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Fourteen participants from the small island state of Tokelau are currently participating in the Pacific Tourism Waste Action Initiative (PTWAI) organised and facilitated by the Pacific Tourism Organisation (SPTO) this week (November 21st -25th).
The PTWAI is a regional programme of action from the tourism sector as its contribution to addressing waste management challenges in the Pacific, which if not addressed, could adversely affect the potential of tourism across our Pacific Island destinations. The PTWAI is a collaborative effort between SPTO and Fiji based artisan, Mr. Warwick Marlow.
Tokelau is the eighth SPTO member nation to participate in the PTWAI training. The PTWAI training has been successfully delivered in Samoa, Kiribati, Tuvalu, the Republic of the Marshall Islands, Nauru, Fiji, and FSM, the initiative has been well received and has even attracted international recognition through the 2020 Creative Tourism Awards.
Tokelau’s Director of the Department of Economic Development, Natural Resources and Environment (EDNRE) Mika Perez commended the week long training adding that Tokelauan participants would earn these skills not only to build their capacity with plastic usage but also they would return to Tokelau to their respective islands and communities and share their skills and knowledge.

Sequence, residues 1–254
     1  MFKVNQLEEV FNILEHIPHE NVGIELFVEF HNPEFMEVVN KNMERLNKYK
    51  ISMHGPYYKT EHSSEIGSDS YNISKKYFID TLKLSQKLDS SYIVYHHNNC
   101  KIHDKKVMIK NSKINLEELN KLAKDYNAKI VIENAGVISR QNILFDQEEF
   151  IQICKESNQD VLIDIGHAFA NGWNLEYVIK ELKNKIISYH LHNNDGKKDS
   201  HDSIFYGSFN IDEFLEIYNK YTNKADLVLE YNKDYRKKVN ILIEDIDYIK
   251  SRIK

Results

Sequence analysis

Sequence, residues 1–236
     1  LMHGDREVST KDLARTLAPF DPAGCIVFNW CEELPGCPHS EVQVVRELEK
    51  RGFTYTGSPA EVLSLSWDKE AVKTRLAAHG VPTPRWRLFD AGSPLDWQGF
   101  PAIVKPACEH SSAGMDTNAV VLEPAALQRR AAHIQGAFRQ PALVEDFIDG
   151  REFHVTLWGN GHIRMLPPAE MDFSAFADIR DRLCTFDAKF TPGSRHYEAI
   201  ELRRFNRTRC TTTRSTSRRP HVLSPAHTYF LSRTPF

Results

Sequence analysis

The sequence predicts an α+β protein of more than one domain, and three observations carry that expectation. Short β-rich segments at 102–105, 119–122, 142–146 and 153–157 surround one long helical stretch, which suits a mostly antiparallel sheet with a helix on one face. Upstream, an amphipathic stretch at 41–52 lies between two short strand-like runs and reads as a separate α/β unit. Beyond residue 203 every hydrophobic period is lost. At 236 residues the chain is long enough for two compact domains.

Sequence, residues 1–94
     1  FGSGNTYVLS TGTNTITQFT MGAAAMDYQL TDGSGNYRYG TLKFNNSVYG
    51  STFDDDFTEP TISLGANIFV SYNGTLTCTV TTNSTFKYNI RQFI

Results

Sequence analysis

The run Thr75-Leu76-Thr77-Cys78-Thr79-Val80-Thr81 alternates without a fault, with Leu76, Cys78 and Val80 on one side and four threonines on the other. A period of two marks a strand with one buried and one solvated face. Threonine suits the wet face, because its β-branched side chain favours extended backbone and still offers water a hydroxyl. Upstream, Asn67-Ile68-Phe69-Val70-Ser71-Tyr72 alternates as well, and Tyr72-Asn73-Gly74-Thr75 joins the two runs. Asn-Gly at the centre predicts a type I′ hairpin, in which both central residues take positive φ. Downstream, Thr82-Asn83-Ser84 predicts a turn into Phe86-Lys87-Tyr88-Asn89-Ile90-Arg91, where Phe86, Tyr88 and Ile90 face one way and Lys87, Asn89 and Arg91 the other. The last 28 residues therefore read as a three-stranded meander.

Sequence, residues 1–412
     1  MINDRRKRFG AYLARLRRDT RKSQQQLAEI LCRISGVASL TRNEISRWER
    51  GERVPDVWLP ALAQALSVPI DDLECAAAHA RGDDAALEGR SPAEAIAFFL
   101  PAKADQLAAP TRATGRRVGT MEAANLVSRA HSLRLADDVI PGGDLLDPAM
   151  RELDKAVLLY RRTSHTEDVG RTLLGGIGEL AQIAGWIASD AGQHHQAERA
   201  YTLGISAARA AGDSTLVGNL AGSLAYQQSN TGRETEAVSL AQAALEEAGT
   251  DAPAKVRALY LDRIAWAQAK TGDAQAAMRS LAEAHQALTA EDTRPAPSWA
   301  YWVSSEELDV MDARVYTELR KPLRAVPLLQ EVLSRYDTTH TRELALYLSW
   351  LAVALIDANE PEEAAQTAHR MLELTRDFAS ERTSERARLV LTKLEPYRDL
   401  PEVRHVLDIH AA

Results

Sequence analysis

“The lessons from this training will go a long way for the Tokelauans because it will change their mindsets on how they see plastics now especially since Tokelau imports a lot of plastic-related products into the country. We have a few teachers as part of the participants and they can use this training to share their knowledge in their respective classrooms,” Mr Perez said.
Tokelau Transport Ministry’s Immigration Officer Ms Neta Teao highlighted that the younger participants would benefit greatly from the training with initiatives like the PTWAI be rolled out in school curriculum.
“I think this training has been an eye-opener as the knowledge earned is something I can easily take back to my family and make them aware on what’s happening to the environment and what we can do to help. We can also use this to earn an extra income,” Ms Teao said.
In acknowledging the importance of the workshop SPTO CEO Chris Cocker mentioned that the project concept focused on advancing the reach of the initiative to benefit more communities in the Pacific.
“This initiative targets community representatives from Tokelau. It incorporates both traditional and scientific knowledge in promoting marine conservation, reduction of plastic pollution and creating sustainable livelihoods for tourism-reliant communities,” Mr Cocker said.
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